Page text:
Gambardella Cup. Yann Chevallier, from the grounds of AS Bayeux to the lawn of the Stade de France
By Quentin Lemoine
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Coach of the goalkeepers at the training center of the SM Caen (Calvados)Yann Chevallier attended, from the weed bench, the qualification of Nicolas Seube’s U19s for the final of the Gambardella Cup, Sunday April 10, 2022 at the D’Ornano stadium, against Rennes (3-3, 5-3 pens). In two weeks, it will take place at the Stade de France. The reward of a lifetime devoted to football.
Yann, against Stade Rennais, you were on the bench for SM Caen U19s during the Coupe Gambardella semi-final. How did you experience this encounter?
Two brilliant hours, because the public answered present. Perhaps the players will not have another opportunity to relive such a beautiful communion with their supporters. It’s great that their career started this way! On the bench, we went through all the states. I live each of my matches intensely but, as educators, we had to remain calm. Including when our opponent equalized and then led on the scoreboard. Besides, we didn’t have time to gamberger since we very quickly came back to score. As since the beginning of this adventure, we have not prepared our match in any particular way compared to the others of the season. We haven’t, for example, specifically worked on penalties. To face them, you have to be brave and the players have been.
What do you think was the secret of this journey? What made this team so strong throughout the competition?
Playing on the lawn of the Stade de France will be a special moment for the group as well as for the staff which, for some of its members, comes from the amateur world. Besides being talented, our players are also good boys. The notion of group prevailed over everything else. They love the club and they are supervised by a staff, that of the entire training center, of very high quality. Nicholas [Seube, ndlr] is its figurehead. He knows how to take us, create a dynamic. It’s a legend ! I will celebrate my fiftieth birthday one month after this final and I have always started from the idea that one can learn at any age. Nothing is ever acquired. There is no certainty. What counts is listening, sharing and the richness of the exchanges.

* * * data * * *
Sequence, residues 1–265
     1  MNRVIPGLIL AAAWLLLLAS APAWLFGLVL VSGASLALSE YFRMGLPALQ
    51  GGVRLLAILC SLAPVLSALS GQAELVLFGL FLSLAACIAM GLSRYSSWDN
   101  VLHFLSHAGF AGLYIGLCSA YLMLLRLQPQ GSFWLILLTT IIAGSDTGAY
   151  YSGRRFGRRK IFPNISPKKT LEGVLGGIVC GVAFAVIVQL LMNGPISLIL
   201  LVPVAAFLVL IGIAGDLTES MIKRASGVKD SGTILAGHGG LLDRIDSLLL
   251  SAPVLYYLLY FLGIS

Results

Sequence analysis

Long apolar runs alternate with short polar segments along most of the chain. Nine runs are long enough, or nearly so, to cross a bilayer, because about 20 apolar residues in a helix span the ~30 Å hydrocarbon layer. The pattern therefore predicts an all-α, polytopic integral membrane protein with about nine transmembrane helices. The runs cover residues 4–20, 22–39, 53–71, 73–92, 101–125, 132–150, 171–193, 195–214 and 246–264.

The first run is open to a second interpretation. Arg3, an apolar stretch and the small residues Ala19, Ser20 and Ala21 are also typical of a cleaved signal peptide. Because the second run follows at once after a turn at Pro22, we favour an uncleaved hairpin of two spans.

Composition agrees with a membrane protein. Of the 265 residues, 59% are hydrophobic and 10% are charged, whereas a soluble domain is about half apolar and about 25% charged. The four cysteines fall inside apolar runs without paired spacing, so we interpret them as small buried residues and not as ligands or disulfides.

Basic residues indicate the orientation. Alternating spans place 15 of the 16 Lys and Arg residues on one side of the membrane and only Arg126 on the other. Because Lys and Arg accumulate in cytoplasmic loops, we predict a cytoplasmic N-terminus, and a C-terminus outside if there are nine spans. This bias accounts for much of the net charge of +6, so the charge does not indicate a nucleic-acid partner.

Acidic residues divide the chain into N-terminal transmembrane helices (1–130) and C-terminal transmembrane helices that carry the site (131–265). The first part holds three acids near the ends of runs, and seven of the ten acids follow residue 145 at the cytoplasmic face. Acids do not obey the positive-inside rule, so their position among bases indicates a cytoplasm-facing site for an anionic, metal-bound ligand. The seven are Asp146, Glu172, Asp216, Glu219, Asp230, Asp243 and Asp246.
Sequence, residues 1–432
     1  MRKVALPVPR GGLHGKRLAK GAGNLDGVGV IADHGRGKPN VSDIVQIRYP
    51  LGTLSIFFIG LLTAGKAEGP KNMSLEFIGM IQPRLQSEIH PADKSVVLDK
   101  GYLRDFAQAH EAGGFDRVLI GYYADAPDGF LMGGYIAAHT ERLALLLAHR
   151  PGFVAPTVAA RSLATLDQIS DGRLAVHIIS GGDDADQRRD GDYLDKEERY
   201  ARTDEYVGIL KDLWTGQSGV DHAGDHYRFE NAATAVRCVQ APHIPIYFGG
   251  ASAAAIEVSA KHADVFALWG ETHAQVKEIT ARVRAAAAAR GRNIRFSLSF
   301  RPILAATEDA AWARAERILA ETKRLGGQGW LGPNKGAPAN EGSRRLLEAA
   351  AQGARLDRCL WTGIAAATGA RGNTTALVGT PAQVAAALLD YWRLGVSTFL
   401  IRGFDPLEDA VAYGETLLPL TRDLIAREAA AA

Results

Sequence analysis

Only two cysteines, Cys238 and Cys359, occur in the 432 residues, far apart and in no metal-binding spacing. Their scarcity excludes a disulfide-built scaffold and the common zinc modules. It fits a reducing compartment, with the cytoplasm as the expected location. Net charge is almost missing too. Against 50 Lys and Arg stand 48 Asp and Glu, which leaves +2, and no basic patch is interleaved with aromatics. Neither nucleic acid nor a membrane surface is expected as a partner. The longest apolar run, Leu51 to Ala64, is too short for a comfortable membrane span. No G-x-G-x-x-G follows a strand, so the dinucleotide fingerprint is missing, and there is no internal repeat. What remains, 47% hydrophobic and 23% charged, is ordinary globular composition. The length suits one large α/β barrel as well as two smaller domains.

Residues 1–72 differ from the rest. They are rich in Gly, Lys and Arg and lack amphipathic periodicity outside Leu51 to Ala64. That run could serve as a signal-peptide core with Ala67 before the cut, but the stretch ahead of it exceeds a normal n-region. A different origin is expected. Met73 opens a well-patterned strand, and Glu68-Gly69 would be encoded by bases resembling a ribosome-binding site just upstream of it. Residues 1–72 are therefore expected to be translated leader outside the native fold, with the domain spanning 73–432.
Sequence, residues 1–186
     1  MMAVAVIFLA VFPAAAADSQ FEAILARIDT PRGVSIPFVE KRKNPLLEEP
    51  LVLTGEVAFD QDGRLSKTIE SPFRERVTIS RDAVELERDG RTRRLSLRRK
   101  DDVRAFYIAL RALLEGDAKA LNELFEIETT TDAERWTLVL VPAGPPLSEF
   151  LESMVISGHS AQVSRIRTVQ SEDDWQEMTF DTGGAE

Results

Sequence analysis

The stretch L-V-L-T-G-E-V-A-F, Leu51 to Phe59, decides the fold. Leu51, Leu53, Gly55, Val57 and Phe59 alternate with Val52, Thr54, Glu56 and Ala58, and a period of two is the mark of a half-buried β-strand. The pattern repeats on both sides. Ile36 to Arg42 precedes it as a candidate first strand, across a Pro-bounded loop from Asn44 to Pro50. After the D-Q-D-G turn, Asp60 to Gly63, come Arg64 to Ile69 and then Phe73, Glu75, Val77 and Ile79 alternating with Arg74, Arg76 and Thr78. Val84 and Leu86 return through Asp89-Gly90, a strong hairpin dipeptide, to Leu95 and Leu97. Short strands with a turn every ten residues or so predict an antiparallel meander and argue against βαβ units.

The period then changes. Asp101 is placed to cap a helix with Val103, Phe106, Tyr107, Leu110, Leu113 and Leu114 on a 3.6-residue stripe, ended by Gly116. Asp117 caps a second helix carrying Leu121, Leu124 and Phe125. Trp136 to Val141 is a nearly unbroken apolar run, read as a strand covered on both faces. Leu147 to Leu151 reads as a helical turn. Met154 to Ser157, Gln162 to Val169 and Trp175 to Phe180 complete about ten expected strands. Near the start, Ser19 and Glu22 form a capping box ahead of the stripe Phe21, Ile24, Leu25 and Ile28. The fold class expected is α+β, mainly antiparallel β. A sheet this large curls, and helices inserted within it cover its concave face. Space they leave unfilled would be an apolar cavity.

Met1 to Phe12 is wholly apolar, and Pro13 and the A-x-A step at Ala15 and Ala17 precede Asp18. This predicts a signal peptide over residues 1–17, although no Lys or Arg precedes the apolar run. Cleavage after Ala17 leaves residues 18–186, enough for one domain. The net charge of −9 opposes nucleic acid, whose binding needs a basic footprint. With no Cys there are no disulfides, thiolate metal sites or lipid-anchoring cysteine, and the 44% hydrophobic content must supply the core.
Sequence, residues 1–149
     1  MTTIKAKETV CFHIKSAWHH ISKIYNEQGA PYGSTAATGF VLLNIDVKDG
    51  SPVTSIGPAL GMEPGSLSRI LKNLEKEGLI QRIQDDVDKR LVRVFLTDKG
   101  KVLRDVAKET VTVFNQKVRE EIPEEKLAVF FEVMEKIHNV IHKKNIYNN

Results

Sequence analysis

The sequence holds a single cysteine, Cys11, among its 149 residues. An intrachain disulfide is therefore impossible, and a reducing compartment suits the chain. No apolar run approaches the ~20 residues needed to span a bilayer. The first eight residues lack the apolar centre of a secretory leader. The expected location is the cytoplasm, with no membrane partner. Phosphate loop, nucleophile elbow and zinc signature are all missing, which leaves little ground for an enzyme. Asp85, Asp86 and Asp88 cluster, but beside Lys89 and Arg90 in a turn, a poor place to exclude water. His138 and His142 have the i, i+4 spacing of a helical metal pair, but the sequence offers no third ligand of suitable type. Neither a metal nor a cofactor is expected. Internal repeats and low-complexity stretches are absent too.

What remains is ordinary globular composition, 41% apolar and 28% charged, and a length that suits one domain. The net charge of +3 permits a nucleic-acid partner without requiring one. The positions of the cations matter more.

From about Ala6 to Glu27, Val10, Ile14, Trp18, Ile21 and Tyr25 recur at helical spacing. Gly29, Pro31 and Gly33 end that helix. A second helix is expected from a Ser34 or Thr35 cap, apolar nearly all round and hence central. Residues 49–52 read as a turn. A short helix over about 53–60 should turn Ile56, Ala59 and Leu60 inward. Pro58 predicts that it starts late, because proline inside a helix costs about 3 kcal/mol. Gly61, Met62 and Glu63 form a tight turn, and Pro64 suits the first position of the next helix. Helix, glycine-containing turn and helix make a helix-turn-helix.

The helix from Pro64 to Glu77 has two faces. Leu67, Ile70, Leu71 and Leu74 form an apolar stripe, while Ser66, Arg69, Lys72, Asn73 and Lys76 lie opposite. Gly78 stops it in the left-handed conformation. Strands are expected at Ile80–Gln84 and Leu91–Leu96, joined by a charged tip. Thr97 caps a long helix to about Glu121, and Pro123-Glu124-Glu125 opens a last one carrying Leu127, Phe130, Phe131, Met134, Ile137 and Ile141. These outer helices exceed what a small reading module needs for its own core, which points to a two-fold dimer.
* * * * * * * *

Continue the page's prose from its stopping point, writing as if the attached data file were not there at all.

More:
How long have you been with the Stade Malherbe staff?
For six years now. First, as a volunteer. Then, as an employee. With Sebastian [Moncé, ndlr], we work in pairs. We are on the same wavelength. He devotes himself to the U19s, to the N2 and, me, to the goalkeepers of the women’s pole at eleven, to the U14s, to the U15s to the U17s, of which I attend all the matches. At first, I only participated in their warm-up. With all the other goalkeeper coaches at the club, from the football school to the professional team, we form a real quartet. I have been an educator for over thirty years. My work forced me to take a step back. So integrating the Stade Malherbe was a big surprise. The culmination of everything my coaches instilled in me, of all the moments of sharing experienced with my teammates. A reward for the investment and the sacrifices made. Football came before everything else and I’m lucky to have children, a companion who supports me and understands me. Nor is it an end in itself. I also know that all of this will eventually end. You will then have to bounce back.